A recent Philippine study examined economic gain from age structure transition at the national level by using economic support ratios and National Transfer Accounts estimates for the years 1991, 1999, and 2011. The study showed that the Philippines has steadily been experiencing demographic change (increasing percentage of the population in the working ages) and that there was economic gain from such change, as indicated by increasing support ratios during the indicated period. But in any given year, the support ratio that is observed at the national level is actually an average across diverse groups.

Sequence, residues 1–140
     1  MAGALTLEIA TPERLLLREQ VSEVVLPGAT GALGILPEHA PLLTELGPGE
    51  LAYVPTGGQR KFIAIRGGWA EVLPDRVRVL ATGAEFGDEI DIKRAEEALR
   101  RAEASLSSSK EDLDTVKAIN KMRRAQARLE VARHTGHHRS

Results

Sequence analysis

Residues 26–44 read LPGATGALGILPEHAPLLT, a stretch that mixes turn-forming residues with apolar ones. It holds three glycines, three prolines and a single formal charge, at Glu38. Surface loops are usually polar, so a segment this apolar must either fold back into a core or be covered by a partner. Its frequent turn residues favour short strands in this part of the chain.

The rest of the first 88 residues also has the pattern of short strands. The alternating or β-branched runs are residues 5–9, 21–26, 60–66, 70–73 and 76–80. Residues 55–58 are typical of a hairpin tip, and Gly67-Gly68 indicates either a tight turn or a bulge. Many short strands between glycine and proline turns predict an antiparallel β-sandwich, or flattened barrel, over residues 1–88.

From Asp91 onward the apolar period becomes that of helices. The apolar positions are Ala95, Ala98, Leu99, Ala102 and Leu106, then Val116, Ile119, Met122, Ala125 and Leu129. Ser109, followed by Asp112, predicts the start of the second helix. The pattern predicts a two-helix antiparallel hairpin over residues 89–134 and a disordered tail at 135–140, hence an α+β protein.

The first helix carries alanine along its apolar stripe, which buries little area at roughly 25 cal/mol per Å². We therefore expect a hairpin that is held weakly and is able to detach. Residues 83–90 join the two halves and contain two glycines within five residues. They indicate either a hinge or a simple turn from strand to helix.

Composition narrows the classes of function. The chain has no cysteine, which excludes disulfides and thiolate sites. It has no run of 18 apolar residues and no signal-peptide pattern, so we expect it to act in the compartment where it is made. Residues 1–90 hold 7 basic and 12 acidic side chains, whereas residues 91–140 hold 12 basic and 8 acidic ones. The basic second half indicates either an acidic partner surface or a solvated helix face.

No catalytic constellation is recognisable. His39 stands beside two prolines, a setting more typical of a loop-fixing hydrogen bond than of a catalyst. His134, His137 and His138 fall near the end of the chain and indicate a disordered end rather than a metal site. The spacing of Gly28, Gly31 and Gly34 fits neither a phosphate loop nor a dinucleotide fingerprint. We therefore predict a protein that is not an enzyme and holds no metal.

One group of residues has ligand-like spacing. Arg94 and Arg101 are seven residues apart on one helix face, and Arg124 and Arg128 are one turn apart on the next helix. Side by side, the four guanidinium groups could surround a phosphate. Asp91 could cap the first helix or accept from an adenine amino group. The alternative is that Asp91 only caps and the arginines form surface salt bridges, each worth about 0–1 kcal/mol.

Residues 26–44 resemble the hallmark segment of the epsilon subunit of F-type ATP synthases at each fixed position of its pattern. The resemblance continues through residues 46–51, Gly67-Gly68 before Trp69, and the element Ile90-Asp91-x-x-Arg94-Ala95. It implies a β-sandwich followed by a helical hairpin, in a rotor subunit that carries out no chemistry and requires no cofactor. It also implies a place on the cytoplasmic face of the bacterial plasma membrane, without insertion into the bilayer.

This paper attempts to answer the following questions: In a given year, how do support ratios vary between groups? How do the variations in support ratios between groups compare across different years? Population groups are studied to determine whether those that have higher proportions in the working ages would show higher support ratios--a pattern that was found in the study cited when the Philippines was observed at the national level over time. The population is grouped in this study on two attributes, namely, household income (terciles) and location of residence (urban or rural) for a total of six groups. These six groups are used to observe variations in population age distributions, economic lifecycle patterns, and support ratios in the years 1991, 1999, and 2011, parallel to the years covered in the national level study cited and with each year representing periods with different economic conditions.